The number, N, of coefficients can have a value of 2 or more. The more coefficients there are, the greater is the amount of computational power needed in the algorithm. A large number of coefficients would give the possibility of eliminating several tones from the signal. But a small number of coefficients gives less distortion. Values of 2 to 6 are preferred.

In a third process of the invention, the input and output signals of the hearing aid are analyzed and the transfer function around the acoustic feedback path is estimated. The transfer function is used to form an estimate of the acoustic feedback signal which is then subtracted or cancelled from the input signal, as illustrated schematically in FIG. 6. This method models the hearing aid input from the microphone 300, x(t), as the sum of a desired input signal (e.g. speech) and a noise signal, the acoustic feedback signal. The acoustic feedback signal estimate is obtained by filtering the main signal processing path output, w(t), (a delayed and processed version of the input) with the estimate of the acoustic feedback path transfer function. The transfer function of the acoustic feedback is modeled as a pure delay function 308 (to compensate for the time it takes for the acoustic signal to travel from the hearing aid output to the microphone input) and a linear filter 309 (to compensate for the frequency shaping imposed by the acoustic environment), with both functions in a feedback path from the output to the input of the main signal processing path. A filter estimator 310 uses the input signal y(t) and the delayed output signal z(t) (the output signal w(t) after the delay function is performed on it) to determine the coefficients of the filter 309. The preferred value of the delay is 12 samples, given a 14 kHz sampling rate. However, this value may be fit to each individual situation if necessary. The filter transfer function estimate is updated each sample as per the following equations:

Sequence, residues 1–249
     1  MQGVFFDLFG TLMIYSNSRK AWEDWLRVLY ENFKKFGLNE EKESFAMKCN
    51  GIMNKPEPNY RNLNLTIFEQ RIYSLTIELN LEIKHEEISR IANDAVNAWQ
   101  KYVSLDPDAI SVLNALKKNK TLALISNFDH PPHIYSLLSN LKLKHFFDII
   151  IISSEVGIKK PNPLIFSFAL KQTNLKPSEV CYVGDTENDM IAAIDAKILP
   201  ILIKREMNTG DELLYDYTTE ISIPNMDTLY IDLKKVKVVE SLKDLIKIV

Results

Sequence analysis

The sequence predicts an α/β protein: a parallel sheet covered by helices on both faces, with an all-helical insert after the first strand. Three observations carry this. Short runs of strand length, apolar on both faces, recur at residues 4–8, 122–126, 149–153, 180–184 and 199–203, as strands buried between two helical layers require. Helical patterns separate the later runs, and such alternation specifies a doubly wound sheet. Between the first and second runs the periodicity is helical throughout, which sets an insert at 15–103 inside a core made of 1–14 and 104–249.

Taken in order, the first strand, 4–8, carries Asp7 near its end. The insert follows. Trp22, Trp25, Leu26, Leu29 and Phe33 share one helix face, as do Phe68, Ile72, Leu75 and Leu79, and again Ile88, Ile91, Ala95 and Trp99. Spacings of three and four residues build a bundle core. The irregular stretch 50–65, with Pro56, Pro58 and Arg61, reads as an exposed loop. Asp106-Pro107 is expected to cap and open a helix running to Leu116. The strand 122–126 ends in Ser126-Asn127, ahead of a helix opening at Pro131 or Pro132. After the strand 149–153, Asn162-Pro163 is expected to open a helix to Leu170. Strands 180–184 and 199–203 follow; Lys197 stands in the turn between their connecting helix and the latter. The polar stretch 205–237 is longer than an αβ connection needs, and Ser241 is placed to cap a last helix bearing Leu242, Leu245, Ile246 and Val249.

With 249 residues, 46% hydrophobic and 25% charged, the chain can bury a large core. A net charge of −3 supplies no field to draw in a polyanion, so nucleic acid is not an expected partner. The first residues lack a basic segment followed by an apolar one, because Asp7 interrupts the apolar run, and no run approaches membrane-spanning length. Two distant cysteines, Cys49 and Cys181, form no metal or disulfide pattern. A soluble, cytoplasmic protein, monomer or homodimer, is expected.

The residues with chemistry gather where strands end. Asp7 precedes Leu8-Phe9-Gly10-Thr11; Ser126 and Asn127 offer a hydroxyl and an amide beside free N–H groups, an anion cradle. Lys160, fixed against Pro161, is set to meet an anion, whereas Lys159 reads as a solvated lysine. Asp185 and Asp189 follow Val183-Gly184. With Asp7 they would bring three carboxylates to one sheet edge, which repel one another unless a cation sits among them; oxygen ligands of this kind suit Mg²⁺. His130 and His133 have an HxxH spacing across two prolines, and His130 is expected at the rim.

y(t):=x(t)-sum over n(c(n)*z(t-n+1))

for n=1 thru N

c(n):=c(n)+B*y(t)*z(t-n+1)

for n=1 thru N

B:=BT/(R0+BC)

where BT and BC are constants and the energy estimate R0 may be implemented as:

R0:=R0+(x(t)*x(t)-R0)*RT

where RT is a constant.

The input signal to the digital signal processor from the microphone (after A to D conversion) is x(t). The feedback function is executed to form y(t). Then further processing in the main signal processing path 302, for example, frequency shaping or noise reduction produces the final output w(t). A delayed version of the output, z(t), is filtered to yield the feedback signal estimate which is subtracted from the input, x(t).